Monday, April 26, 2010



Ahh yes, it is freaking sweet. I received my scores from the first round regional judging for the National Homebrew Competition and one of my brews placed 1st! So on to the national competition, for that beer at least.

The scoring guide is as follows:

45 - 50: Outstanding
38 - 44: Excellent
30 - 37: Very Good
21 - 29: Good
14 - 20: Fair
0 - 13: F'ing Terrible, just kidding, Problematic

Here were my results:

-Old Woodie Ale entered in category 22C (wood aged beer), received a final score of 39 and 1st place in the region

-Tripel Sunrise entered in category 18C (Belgian Tripel), received a final score of 33.5

-Marzbock entered in category 5A (Maibock), received a final score of 28

All in all, I was pleased with the overall results. Though, I was shocked that Old Woodie was rated the best of the three and the Marzbock was rated the lowest of three. I would have thought it to be the opposite. Regardless, I'll take victory where I can. The next 2 rounds of competition take place in Minnesota this summer.

I also did some brewing and bottling this weekend. If you haven't read in my posts, I've fallen in love with Flemish ales, in particular, Duchesse de Bourgogne. So I thought I'd try my hand at one of these delicious brews. The real kicker is that they take 18 MONTHS to brew. All those bugs take awhile to do their job souring the beer.

Recipe the recipe I decided on was...

Partial Mash for 75 mins at 154 degrees:
-2 lbs Crystal 40L
-1 lb Honey Malt
-2 lbs Flaked Maize
-2 oz. of Black Patent

Then a 90 minute boil consisting of the partial mash and ...
-5 lbs of DME (2 lbs. of Pilsner, and 3 lbs. of Amber)
- .5 lbs of sugar

-1 oz. of East Kent Goldings at 90 mins
-1 oz. of Fuggles (isn't that fun to say) at 10 mins

The primary yeast is US-05 and most importantly the secondary yeast was the Wyeast Roselare Blend. The description of the Roselare Blend from the Wyeast website:

"A blend of lambic cultures including lactic bacteria. Produces beers with a complex, earthy profile and distinct pie cherry sourness from a Brettanomyces culture. Aging for up to 18 months is required ..."

The only ingredient I'm wavering on is adding maybe a quarter ounce of medium roast french oak for the long haul, but it might be too over bearing to have in with the beer for 18 months. Not sure, so I'll keep mulling it over. Another funny thing about this beer is that in 10 months I have to brew an identical batch and let it age for 8 months and then blend the two batches before bottling. I'm sure it will be worth it in the end.

I shot some footage from the brew day, and one clip from bottling the imperial wit:


Sunday, April 25, 2010

HolzBrew goes to work

Every other month or so, I get organized enough in the morning to bring in some homebrew to enjoy after hours with my friends at work. As you might be able to see above, I brought in a couple of varieties: Tripel Sunrise (which you can see in the picture is a foamer for sure), MarzBock, Not-Quite-Black IPA, Brune, Red Dawn, and Old Woodie. I think the MarzBock was the "crowd pleaser." I entered that beer in this year's National Homebrew Contest, I hope the judges feel the same way about it as my co-workers did. Fingers are crossed.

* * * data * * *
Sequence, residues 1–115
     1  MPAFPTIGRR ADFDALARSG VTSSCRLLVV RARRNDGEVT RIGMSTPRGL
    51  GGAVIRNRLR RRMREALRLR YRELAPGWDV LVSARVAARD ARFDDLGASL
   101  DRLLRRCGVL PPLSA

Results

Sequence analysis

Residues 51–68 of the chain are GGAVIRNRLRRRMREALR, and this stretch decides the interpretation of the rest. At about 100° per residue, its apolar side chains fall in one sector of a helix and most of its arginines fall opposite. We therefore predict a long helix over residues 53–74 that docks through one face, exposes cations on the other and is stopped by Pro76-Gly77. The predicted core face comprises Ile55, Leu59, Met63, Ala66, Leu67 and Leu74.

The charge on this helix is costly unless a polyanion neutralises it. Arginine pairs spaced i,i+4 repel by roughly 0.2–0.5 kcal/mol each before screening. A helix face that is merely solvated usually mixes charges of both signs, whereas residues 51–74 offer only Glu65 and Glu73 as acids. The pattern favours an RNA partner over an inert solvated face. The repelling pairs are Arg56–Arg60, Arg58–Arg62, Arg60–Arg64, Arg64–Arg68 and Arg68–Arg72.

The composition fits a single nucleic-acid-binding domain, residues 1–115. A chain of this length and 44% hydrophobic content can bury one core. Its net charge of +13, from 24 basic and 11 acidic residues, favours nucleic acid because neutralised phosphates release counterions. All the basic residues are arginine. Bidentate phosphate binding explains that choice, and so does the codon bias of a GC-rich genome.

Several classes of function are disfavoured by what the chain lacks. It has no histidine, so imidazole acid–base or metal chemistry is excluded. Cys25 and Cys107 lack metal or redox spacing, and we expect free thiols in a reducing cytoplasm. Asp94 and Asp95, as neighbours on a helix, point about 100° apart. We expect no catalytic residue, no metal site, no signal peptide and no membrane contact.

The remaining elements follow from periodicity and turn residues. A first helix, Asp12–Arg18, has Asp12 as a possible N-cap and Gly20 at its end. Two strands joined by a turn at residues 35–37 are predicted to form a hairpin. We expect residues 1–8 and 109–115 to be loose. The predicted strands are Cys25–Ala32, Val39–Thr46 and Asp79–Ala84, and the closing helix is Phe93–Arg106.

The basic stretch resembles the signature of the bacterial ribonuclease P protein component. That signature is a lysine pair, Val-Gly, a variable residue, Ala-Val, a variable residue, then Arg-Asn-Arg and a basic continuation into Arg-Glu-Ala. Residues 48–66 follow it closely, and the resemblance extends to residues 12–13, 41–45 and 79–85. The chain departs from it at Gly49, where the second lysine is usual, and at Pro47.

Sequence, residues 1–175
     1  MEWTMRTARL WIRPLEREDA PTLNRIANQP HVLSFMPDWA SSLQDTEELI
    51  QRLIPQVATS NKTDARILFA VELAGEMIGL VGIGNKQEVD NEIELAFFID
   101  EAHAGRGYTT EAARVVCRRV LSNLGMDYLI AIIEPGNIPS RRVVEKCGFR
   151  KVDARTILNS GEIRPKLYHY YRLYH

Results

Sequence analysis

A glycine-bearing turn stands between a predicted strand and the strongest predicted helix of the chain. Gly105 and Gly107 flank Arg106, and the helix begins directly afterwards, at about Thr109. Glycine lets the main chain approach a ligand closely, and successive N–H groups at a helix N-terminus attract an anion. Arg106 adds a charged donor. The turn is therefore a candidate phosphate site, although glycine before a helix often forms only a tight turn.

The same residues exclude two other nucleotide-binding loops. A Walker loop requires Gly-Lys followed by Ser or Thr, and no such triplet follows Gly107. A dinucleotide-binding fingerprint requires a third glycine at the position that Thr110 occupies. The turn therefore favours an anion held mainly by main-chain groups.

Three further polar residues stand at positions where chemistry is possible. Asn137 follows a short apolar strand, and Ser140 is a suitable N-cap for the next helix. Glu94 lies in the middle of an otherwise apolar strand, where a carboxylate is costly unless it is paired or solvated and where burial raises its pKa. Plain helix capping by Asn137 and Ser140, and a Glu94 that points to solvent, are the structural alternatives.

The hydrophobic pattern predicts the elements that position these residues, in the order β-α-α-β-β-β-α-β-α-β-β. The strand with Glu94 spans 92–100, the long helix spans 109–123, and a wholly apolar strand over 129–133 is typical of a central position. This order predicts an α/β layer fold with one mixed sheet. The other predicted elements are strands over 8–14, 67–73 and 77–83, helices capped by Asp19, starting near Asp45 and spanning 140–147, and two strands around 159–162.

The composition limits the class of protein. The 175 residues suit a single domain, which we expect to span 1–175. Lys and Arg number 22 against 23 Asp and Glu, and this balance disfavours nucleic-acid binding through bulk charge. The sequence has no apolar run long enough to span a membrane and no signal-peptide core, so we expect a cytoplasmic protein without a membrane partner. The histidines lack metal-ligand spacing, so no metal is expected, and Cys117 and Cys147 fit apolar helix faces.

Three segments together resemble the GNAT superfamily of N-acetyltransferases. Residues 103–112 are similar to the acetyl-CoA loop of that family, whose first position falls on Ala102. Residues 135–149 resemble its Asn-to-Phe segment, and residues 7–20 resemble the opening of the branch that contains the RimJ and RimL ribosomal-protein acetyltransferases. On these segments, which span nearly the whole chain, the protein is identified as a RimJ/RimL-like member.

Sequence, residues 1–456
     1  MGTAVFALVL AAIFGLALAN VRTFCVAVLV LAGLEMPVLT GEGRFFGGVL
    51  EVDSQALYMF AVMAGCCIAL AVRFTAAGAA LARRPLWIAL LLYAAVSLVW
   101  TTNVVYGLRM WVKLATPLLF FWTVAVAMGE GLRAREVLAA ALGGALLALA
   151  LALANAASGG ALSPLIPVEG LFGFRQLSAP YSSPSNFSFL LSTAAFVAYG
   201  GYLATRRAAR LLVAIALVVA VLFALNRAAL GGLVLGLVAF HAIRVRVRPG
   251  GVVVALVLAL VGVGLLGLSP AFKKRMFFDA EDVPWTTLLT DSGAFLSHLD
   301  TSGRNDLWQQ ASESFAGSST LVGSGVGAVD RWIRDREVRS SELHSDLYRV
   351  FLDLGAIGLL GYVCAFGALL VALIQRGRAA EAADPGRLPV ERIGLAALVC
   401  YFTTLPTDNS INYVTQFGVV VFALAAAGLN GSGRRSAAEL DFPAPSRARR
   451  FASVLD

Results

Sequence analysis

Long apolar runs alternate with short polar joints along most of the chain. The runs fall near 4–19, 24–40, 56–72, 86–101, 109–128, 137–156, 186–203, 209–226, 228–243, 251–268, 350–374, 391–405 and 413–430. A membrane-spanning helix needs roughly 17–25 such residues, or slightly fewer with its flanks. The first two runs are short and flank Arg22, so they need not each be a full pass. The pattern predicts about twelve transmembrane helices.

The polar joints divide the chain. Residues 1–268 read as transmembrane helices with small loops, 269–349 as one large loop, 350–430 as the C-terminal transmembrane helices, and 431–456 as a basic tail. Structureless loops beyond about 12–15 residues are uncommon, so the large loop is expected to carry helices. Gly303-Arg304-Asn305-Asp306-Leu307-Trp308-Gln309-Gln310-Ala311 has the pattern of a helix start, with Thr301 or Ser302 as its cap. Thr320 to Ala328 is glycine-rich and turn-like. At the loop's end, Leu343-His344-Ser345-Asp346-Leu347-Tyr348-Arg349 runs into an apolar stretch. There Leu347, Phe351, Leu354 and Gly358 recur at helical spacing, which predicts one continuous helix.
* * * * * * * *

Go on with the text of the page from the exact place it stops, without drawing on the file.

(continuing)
We also just renovated the kitchen at my office and it looks great, all the more reason to bring beer in for sampling after work.


Sunday, April 11, 2010

Get Witty Wit It

It's a shame that working has to get in the way of the important things in life, such as writing about beer. Thus is the burden I bear.

No major news in HolzBrew land. On Monday I racked the Imperial Wit that I brewed a few weeks back into secondary. The sample I tasted was coming along nicely. Per the picture, I have been soaking 1 oz. of medium french oak cubes in Grand Marnier for last 3 - 4 weeks and I added those cubes as well as the rest of the bottle in the picture to the secondary fermenter. In short, I liquored up my brew and I'm hoping to score.

Dogfish's Red and White has served as inspiration for this interesting brew. Wit beer is generally a style that I hold in the realm of good. Tasty and refreshing, but not quite fully satisfying. If you don't believe me, pour up a glass of Allagash Wit and then do a side by side tasting with Allgash's Tripel (or better yet the Curieux), most likely you'll find the Wit to be somewhat bland when compared to something like a full flavored tripel. That's not to say that there isn't a time and place for Wit, just that the time and place is usually low on the HolzBrew list of thangs to brew. BUT after trying DFH Red and White for the first time a few months back I realized that a Wit pared with another libation might take the beer into the taste stratosphere. We're talking flavor country here folks (as opposed to flavor county) DFH brews their Wit with Pinot Noir and ages it in Pinot barrels. Additionally, their brew tips the scales around 10% ABV. My only knock on this near perfect brew is that it is a little too syrupy and sweet for most everyday consumption.

Now I realize that Grand Marnier isn't pinot noir, but in my usual style, I like making up a recipe that is truly my own. That being said, a traditional Belgian Wit is usually brewed with bitter orange peel, so my thought was the wonderful orange essence that is GM would naturally jive in a slightly larger than normal Belgian Wit. Success? I'll keep you posted.

Stay Witty,